Is hot-desking bad for business? Many employers now have open plan offices and hot desking to save space and reduce costs. But in a survey by Savills of 11,000 European office workers, hot-desking has come under fire. The report, called What Workers Want, said 45 per cent of those employed by a business which had hot-desking said their office layout was not good for productivity. Although hot desking is becoming more common, it seems employees are struggling to get used to it. Most employees still want their own dedicated desk, across the age groups including younger workers.
In the UK, almost three quarters of those surveyed worked in open plan offices and these people were more likely to say that the design of the office had a negative impact on productivity. The report identifies noise as a major issue. While a return to private offices for all staff is highly unlikely, the report suggests employers look at workplace acoustics when they are designing or fitting out offices.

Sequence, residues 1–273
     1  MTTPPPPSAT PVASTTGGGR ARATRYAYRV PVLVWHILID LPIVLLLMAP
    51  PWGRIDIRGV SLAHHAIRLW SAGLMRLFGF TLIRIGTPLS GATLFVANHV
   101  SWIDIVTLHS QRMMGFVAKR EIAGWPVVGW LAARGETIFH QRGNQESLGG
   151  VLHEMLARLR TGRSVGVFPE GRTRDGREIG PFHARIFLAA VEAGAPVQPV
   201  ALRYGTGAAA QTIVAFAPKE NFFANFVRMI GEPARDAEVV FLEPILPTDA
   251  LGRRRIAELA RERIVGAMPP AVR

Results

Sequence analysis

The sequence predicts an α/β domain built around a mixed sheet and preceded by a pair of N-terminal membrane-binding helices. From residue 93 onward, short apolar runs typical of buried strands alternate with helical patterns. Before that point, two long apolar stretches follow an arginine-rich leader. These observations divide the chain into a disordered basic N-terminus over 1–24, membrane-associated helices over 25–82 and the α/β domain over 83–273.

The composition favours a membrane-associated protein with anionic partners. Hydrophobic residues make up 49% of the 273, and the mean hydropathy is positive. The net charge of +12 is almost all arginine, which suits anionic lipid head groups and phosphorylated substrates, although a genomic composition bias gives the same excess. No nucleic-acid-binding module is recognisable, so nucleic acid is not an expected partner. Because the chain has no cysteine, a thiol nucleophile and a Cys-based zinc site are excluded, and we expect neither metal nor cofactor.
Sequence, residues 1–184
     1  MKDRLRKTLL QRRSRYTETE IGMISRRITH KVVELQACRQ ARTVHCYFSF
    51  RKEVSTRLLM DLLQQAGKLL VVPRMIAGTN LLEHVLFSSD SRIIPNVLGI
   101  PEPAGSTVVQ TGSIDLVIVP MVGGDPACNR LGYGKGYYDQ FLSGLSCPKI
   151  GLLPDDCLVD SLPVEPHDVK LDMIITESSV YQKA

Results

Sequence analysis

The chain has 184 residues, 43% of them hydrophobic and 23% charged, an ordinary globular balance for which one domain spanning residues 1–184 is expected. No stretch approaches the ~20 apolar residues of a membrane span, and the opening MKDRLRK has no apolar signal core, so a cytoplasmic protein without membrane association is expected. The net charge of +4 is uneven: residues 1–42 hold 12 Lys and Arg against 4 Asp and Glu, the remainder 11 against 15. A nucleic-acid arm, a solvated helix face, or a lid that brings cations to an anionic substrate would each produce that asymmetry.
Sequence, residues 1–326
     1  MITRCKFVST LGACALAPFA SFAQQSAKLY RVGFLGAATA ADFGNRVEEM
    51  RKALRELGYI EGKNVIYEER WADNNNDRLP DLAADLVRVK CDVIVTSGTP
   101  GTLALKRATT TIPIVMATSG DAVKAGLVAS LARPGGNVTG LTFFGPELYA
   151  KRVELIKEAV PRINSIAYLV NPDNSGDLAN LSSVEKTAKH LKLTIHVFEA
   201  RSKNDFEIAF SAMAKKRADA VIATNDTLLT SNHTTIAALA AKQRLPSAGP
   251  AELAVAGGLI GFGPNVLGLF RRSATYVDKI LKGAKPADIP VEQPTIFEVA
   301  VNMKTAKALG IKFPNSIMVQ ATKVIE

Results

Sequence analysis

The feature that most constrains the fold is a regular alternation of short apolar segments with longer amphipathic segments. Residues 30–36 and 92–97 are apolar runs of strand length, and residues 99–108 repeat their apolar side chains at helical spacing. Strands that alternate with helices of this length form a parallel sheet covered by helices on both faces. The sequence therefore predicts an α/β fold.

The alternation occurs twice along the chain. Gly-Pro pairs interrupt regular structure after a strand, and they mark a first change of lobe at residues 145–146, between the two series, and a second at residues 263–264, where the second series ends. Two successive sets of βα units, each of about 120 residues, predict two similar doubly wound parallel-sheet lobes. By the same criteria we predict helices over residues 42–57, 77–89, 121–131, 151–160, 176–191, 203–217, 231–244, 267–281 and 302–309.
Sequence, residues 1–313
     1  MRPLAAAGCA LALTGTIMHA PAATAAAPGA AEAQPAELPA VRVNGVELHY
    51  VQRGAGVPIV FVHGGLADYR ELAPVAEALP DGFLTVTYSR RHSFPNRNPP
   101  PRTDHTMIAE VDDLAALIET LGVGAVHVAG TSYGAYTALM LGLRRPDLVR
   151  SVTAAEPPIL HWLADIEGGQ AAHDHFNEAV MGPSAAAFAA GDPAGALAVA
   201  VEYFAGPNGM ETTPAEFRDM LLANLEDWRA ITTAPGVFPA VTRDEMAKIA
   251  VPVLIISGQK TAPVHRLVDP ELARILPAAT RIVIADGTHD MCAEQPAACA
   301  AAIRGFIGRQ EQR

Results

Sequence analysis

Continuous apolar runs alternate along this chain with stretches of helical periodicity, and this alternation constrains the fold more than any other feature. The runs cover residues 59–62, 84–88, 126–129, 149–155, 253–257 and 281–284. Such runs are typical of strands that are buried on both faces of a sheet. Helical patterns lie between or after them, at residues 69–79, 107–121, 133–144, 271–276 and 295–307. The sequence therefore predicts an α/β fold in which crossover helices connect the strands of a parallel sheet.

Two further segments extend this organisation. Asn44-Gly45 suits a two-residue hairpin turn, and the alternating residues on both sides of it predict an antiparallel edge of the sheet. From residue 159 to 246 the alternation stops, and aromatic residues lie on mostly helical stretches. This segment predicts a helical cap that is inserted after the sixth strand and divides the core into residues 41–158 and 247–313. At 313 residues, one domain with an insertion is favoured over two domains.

What can employers do about this? Interestingly, only a third of those surveyed had been asked about their working environment by their current employer. And this might be key. It might be tricky to change the layout of an office, or to allocate individual desks. However, it might be easy to ask someone to use earphones when listening to the radio, or to create a quieter break out space for people who need to concentrate. Asking your employees for feedback might identify issues which are easy to resolve. And happier employees are bound to be more productive.